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WASHINGTON, D.C. – After a few minutes of viewing the evening news, it might be very difficult to believe that anything is getting better. Indur M. Goklany is anything but pessimistic in his enormously compelling new book, The Improving State of the World: Why We’re Living Longer, Healthier, More Comfortable Lives On A Cleaner Planet.
Many people believe that globalization and its key components — economic growth, technological change and free trade — have made matters worse for humanity and the environment. As Goklany powerfully illustrates, that is a complete myth and we ought to consider how much worse the world would be like without these components.
Goklany confronts foes of globalization and demonstrates that economic growth, technological change and free trade helped power a “cycle of progress” that in the last two centuries enabled unprecedented improvements in every objective measurement of human well-being.
Poverty, hunger, malnutrition, child labor, illiteracy and unsafe water ceased to be global norms; infant mortality has never been lower; and we live longer and healthier lives. Further, Goklany’s research demonstrates that global agricultural productivity is up, food prices are down, hunger and malnutrition have dropped worldwide, public health has improved, mortality rates are down, and life expectancies are up.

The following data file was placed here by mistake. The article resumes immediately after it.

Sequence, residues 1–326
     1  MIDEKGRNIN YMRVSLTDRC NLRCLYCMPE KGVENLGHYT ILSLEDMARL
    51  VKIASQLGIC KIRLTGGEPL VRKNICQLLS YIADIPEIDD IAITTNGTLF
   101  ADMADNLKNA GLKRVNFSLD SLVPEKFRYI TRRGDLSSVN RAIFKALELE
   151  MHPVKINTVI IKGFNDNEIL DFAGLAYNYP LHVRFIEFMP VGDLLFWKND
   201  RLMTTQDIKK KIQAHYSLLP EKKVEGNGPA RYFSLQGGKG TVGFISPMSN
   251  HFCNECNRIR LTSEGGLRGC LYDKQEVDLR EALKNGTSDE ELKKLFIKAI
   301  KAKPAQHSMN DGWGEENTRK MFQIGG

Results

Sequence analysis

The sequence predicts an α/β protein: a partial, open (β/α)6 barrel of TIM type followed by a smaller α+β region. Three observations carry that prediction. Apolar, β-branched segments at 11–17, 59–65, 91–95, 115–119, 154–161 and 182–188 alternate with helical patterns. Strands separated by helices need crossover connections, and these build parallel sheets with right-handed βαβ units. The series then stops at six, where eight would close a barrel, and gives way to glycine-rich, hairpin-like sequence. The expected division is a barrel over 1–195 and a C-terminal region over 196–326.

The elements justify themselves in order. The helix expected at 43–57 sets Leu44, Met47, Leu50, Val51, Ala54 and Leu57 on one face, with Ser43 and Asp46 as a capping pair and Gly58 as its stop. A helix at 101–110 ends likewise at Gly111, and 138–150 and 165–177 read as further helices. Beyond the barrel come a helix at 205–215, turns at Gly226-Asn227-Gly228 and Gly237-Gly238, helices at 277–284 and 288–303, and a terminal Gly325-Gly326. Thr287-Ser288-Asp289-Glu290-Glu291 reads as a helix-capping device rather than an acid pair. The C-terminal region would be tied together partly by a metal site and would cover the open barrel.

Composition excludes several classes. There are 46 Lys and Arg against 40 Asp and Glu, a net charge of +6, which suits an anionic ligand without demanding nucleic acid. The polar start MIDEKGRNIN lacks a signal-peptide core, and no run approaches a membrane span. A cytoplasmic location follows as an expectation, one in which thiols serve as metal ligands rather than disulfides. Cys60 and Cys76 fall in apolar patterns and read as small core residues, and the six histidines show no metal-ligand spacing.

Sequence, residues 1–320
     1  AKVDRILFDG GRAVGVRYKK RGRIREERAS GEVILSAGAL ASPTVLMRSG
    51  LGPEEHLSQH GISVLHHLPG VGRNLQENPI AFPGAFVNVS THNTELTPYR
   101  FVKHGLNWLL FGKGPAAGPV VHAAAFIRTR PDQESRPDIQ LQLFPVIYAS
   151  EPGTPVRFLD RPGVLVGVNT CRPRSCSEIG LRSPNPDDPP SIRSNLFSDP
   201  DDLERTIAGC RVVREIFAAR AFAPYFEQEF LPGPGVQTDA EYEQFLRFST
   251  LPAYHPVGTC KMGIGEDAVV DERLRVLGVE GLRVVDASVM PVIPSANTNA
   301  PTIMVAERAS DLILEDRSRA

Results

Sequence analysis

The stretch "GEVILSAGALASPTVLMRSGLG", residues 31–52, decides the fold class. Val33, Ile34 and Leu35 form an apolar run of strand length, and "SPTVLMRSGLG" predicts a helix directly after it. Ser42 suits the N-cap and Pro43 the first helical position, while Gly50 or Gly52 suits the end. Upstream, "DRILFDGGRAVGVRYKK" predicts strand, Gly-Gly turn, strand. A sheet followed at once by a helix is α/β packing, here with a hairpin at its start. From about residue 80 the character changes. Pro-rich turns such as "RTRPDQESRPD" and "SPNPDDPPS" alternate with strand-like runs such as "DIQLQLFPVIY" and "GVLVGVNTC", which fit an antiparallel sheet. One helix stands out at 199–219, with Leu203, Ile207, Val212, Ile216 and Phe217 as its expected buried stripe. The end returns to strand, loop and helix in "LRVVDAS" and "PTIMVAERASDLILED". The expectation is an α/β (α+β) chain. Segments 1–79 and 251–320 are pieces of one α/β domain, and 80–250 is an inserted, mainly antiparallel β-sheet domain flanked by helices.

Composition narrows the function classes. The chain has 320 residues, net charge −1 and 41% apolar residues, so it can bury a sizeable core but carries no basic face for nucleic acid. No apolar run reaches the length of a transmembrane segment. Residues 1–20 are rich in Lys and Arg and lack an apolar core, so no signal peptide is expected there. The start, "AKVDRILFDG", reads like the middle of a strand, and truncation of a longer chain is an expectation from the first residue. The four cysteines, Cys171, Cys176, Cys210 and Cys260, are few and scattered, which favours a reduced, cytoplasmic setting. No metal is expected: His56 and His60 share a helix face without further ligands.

“The Improving State of the World” is an important contribution to the environment versus development debate, collecting in one volume the long-term trends in a broad array of the most significant indicators of human and environmental well-being, and their dependence on economic development and technological change.
Noting that the environmental record is more complex, the author shows how innovation, increased affluence and key institutions have combined to address environmental degradation. The early stages of development can indeed cause environmental problems, Goklany acknowledges, but additional development creates greater wealth allowing societies to create and afford cleaner technologies.
He maintains that restricting globalization would therefore hamper further progress in improving human and environmental well-being, and in surmounting future environmental or natural resource limits to growth.